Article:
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Posted at 2:25 PM ET, 12/20/2010

Brazil's gritty favelas through the eyes of Petra Barth

By Jessica Dawson

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Of all the intimacies shared by the Brazilian trash pickers featured in "Waste Land," artist Vik Muniz's complicated documentary film about the people who sort through Rio's largest dump, it was the pickers' willingness to show us inside their homes that intrigued me the most.

And what complicated homes they were, so foreign to my American eyes. Here, sheets separated bedrooms from bathrooms from the outdoors; mattresses covered the floors and the very notions of privacy was moot.

With that complicated portrait in mind, I headed over the Organization of American States exhibition of documentary works by Petra Barth, who devoted a good portion of her works to a favela bordering Rio.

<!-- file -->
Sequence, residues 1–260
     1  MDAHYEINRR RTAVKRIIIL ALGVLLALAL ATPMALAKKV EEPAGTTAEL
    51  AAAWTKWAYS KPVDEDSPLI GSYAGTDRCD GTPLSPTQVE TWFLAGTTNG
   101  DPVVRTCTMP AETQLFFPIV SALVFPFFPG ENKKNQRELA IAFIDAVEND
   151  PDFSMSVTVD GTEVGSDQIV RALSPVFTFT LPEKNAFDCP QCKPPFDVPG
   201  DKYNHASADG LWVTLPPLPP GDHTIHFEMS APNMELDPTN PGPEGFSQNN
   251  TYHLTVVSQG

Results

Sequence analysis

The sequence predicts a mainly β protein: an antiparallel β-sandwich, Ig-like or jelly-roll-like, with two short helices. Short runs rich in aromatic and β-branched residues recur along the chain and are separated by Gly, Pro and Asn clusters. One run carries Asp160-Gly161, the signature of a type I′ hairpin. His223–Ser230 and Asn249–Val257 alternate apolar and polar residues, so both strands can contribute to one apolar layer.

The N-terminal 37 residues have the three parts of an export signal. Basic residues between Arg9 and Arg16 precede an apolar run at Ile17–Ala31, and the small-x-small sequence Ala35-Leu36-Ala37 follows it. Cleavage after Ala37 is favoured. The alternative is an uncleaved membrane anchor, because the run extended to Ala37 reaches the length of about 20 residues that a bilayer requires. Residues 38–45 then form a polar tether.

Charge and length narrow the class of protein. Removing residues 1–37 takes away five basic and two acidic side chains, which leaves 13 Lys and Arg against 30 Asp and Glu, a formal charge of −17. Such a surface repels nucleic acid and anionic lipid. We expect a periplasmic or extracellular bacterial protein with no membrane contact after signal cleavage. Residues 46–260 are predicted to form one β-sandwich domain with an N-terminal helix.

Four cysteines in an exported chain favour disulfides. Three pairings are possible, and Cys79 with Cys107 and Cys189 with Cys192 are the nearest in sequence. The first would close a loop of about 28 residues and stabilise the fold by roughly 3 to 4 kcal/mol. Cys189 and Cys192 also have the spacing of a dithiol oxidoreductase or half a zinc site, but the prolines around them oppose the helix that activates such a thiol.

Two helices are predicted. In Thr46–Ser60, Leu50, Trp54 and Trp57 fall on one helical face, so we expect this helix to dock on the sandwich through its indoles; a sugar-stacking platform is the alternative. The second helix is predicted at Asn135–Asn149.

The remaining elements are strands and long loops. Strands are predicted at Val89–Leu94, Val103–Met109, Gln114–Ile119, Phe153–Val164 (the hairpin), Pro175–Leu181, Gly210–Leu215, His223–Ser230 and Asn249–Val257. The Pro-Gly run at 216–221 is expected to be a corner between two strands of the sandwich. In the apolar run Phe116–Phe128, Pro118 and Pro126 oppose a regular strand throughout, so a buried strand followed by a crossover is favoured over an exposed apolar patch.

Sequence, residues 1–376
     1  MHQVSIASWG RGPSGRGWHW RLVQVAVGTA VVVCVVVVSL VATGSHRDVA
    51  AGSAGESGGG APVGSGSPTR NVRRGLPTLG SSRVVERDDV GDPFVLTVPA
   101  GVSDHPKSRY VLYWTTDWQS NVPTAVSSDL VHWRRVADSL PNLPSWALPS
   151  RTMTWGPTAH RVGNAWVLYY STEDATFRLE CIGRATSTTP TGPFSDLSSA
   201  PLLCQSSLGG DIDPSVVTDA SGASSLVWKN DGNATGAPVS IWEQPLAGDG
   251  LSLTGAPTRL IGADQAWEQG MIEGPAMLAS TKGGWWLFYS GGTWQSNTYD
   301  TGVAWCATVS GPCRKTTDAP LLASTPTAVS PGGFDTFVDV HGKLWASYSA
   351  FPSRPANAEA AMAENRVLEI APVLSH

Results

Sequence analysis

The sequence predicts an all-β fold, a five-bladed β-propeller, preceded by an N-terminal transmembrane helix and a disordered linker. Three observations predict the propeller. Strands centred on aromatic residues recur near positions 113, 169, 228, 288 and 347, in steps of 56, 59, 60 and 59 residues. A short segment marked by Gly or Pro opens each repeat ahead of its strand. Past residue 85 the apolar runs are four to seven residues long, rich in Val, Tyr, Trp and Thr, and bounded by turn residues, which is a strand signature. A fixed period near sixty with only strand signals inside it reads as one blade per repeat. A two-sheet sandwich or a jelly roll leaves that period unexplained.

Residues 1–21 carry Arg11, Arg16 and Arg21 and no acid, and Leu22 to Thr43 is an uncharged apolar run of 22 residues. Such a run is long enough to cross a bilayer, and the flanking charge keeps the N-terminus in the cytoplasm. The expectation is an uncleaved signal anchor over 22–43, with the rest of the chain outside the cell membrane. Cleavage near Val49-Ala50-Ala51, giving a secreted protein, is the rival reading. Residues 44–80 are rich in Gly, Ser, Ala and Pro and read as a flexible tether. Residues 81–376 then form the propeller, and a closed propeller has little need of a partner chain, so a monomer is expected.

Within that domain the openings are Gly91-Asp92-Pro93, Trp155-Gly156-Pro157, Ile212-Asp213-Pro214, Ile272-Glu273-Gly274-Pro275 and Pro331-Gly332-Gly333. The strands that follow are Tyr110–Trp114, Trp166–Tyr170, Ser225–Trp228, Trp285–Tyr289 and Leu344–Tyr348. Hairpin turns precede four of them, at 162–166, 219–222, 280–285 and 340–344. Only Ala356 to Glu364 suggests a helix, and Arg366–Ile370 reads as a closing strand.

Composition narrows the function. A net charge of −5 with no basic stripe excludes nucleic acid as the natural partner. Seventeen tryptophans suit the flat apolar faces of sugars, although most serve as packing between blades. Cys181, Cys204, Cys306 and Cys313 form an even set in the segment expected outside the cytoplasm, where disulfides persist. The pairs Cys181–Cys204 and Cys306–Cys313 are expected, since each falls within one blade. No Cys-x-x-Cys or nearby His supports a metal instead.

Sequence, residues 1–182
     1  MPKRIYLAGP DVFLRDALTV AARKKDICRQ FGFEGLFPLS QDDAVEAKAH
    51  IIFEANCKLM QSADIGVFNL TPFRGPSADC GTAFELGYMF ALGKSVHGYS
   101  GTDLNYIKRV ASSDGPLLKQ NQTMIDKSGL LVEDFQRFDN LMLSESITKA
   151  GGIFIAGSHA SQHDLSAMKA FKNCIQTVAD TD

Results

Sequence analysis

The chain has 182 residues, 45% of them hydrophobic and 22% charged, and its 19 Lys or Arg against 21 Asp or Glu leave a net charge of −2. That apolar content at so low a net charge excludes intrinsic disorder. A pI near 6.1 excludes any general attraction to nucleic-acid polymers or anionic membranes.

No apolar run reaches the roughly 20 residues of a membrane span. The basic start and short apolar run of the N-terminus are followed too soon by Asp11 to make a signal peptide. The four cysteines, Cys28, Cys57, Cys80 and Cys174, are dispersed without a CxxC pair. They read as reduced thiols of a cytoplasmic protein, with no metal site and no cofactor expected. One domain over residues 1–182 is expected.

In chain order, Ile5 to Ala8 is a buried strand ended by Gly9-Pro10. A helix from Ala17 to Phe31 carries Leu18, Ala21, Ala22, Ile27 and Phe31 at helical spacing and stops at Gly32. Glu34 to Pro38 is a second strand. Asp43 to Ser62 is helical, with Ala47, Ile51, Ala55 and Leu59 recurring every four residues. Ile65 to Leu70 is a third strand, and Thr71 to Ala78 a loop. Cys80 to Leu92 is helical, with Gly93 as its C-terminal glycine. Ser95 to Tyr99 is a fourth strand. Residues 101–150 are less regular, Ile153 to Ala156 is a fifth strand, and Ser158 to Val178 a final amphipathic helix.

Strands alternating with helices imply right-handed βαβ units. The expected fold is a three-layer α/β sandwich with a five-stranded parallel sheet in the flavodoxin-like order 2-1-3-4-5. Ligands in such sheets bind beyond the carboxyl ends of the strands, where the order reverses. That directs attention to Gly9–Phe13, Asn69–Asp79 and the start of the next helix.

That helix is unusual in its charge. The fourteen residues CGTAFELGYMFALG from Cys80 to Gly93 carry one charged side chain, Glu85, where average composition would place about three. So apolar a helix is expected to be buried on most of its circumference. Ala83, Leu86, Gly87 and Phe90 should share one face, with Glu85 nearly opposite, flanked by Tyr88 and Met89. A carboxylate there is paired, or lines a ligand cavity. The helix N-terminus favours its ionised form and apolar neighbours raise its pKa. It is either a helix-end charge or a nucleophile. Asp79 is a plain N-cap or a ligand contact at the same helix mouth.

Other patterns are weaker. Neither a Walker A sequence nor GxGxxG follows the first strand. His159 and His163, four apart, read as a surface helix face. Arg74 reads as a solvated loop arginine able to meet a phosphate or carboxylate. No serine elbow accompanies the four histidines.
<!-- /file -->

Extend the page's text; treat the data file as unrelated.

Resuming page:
Called Cantagalo, the shantytown abuts one of Rio's poshest suburbs. Barth's pictures bring us inside jerry-rigged homes where scrap sofas look out from windowless rooms and daily life is improvised and contingent.

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"The favelas have been occupied by drug-trafficking gangs and have become the setting for battles with the police or between the gangs themselves, making life hell for the honest, poor people who live there," Barth reports.

The photographer shot these pictures in 2008. They're part of a larger project called "Al Margen" ("Living on the Margin") that she shot over the last six years. Her sobering exhibition is worth a visit, if only to temper the holiday shopping frenzy. It's on view Monday-Friday 9 a.m. - 5 p.m. through January 7 at the Terrace Level Gallery in the OAS's main building 1889 F Street, NW.


By Jessica Dawson  | December 20, 2010; 2:25 PM ET
Categories:  Contemporary Art, Films, Jessica Dawson, Reviews  
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